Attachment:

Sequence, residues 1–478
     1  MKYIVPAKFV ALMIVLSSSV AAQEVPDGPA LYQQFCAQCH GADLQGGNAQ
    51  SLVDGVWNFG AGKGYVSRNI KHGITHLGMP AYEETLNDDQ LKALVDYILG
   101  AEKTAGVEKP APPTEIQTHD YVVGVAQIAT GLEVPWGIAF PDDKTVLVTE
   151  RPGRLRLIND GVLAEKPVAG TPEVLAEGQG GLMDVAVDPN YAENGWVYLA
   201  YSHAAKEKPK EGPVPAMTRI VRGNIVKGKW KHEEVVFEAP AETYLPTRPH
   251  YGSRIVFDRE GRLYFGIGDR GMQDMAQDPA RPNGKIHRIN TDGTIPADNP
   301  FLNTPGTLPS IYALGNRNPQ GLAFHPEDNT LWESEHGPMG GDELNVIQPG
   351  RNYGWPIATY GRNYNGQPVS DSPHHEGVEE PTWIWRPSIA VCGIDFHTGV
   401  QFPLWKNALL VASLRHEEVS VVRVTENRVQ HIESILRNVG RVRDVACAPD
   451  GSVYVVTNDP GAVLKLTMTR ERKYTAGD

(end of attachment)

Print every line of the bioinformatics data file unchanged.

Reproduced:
Sequence, residues 1–478
     1  MKYIVPAKFV ALMIVLSSSV AAQEVPDGPA LYQQFCAQCH GADLQGGNAQ
    51  SLVDGVWNFG AGKGYVSRNI KHGITHLGMP AYEETLNDDQ LKALVDYILG
   101  AEKTAGVEKP APPTEIQTHD YVVGVAQIAT GLEVPWGIAF PDDKTVLVTE
   151  RPGRLRLIND GVLAEKPVAG TPEVLAEGQG GLMDVAVDPN YAENGWVYLA
   201  YSHAAKEKPK EGPVPAMTRI VRGNIVKGKW KHEEVVFEAP AETYLPTRPH
   251  YGSRIVFDRE GRLYFGIGDR GMQDMAQDPA RPNGKIHRIN TDGTIPADNP
   301  FLNTPGTLPS IYALGNRNPQ GLAFHPEDNT LWESEHGPMG GDELNVIQPG
   351  RNYGWPIATY GRNYNGQPVS DSPHHEGVEE PTWIWRPSIA VCGIDFHTGV
   401  QFPLWKNALL VASLRHEEVS VVRVTENRVQ HIESILRNVG RVRDVACAPD
   451  GSVYVVTNDP GAVLKLTMTR ERKYTAGD